Natrona County Prosecutor Again Will Seek Death for Murderer Dale Eaton
The Natrona County District Attorney's Office again will file a notice to seek the death penalty for Dale Wayne Eaton, who was convicted in 2004 of the murder of Lisa Marie Kimmel in 1988, and for a while was Wyoming's lone death row inmate.
Assistant District Attorney Mike Blonigen on Tuesday told Natrona County District Court Judge Daniel Forgey during a status conference conducted by video conference that he again will file a notice even though one had been filed before.
The case started in 1988, when the 18-year-old Kimmel was found in the North Platte River at Government Bridge in Natrona County on April 2, 1988. She was driving from Denver to her home in Billings, Mont., and was to pick up her boyfriend in Cody. He called to report that she never arrived.
The case remained unsolved until 2002 when researchers found DNA from her rape kit matched Eaton's, who had owned property in Moneta between Casper and Shoshoni. Her car was unearthed on the property that summer.
Eaton was tried -- during which a mental evaluation was performed and he was found competent to stand trial -- and was convicted in 2004.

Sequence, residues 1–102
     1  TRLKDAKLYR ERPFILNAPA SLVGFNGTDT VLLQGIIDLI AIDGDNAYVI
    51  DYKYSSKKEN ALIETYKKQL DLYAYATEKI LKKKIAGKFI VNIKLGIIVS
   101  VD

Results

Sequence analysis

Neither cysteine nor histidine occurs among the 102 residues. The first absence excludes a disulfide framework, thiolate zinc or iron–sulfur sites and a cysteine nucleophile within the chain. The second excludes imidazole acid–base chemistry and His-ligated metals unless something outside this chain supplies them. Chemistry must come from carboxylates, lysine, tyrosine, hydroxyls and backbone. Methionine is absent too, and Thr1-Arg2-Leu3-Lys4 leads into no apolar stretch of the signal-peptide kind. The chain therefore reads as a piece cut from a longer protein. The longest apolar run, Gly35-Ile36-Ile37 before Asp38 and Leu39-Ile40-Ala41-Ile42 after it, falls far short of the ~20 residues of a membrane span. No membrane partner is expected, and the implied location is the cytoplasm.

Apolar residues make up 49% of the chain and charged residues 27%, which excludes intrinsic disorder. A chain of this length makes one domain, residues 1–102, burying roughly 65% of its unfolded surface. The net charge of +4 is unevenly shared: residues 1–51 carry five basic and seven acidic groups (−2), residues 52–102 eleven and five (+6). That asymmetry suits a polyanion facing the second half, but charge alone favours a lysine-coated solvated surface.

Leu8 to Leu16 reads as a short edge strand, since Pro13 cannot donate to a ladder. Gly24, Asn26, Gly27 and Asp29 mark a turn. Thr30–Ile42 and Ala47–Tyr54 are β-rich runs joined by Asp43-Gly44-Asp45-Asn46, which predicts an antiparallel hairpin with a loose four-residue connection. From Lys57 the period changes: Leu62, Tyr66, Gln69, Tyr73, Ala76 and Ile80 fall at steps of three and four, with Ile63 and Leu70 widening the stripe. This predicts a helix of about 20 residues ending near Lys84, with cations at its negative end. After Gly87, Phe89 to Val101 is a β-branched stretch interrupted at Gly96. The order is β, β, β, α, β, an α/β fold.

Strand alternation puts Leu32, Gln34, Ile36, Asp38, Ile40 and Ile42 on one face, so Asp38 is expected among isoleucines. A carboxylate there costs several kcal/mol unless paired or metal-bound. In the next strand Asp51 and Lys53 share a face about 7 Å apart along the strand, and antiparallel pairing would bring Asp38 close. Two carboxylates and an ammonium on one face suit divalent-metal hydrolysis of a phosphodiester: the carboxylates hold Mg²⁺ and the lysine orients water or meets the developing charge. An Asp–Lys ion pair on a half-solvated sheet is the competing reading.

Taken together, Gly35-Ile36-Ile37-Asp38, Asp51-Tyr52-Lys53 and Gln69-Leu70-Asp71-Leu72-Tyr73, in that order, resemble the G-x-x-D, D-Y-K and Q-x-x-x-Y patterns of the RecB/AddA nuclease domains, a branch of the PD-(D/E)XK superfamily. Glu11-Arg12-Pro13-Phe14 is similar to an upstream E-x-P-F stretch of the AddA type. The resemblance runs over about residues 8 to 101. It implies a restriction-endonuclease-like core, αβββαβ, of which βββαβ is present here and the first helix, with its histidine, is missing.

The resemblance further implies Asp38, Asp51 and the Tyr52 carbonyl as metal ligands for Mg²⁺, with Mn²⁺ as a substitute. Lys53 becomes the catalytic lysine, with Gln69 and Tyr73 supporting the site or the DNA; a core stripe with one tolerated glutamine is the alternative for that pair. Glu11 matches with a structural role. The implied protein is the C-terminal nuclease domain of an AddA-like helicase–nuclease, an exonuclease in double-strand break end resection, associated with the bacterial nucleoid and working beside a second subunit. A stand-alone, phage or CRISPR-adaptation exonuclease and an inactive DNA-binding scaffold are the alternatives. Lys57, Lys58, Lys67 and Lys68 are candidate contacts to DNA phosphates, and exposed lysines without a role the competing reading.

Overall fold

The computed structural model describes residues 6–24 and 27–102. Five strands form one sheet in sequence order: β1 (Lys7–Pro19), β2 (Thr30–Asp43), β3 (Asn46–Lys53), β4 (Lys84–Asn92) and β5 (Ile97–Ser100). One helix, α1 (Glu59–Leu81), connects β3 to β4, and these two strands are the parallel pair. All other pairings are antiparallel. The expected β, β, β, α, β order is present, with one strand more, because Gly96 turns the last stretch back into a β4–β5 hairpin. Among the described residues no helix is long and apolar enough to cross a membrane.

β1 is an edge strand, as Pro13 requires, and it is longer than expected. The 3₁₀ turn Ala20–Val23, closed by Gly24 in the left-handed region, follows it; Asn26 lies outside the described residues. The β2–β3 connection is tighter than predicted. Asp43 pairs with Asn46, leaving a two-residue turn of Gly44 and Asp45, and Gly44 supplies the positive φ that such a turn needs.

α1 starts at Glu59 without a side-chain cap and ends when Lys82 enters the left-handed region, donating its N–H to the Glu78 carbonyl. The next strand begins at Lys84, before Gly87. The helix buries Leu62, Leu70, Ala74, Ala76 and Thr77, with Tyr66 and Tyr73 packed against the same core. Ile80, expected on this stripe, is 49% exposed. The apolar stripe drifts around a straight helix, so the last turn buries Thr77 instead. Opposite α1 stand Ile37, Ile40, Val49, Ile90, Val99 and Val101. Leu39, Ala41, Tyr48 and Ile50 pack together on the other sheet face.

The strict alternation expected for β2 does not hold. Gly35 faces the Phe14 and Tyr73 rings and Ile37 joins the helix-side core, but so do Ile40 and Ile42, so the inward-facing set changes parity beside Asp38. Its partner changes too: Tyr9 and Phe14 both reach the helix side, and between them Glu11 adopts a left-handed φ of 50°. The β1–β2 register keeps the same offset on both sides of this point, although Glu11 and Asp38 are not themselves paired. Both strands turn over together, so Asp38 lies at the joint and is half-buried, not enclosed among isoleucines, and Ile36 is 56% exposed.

The jury decided he deserved the death penalty and the court sentenced him to death, which required another mental evaluation for competency.
An appeal to the Wyoming federal court stopped that mental evaluation. The U.S. Supreme Court, after a series of legal battles in other courts over more than a decade, decided on May 18 to not hear the case.
At Tuesday's status conference, Eaton, 75, was not present.
Blonigen and Eaton defense attorney Sean O'Brien agreed for the need for the pre-death penalty mental evaluation.
However, Blonigen had objected to O'Brien or other defense attorney be present at that evaluation, saying the presence of an attorney could affect the outcome of the evaluation.
O'Brien said this is a resentencing, and not a retrial of the guilt or innocence of Eaton. Eaton cannot enter a plea of not guilty by reason of mental disease or defect, because he has been convicted, O'Brien said.
He also said he's attended many mental evaluations, withdraws from the questioning, and that he doesn't interfere. But if Eaton has any discomfort such as anxiety he can ask for help and O'Brien said that would help the evaluation go forward.
Forgey set a deadline of June 19 for the Natrona County District Attorney's Office to file its documents about the sentencing mental health evaluation, and another seven days for Eaton's attorneys to respond.
He will conduct the mental health hearing by teleconference at 2:30 p.m. July 10.
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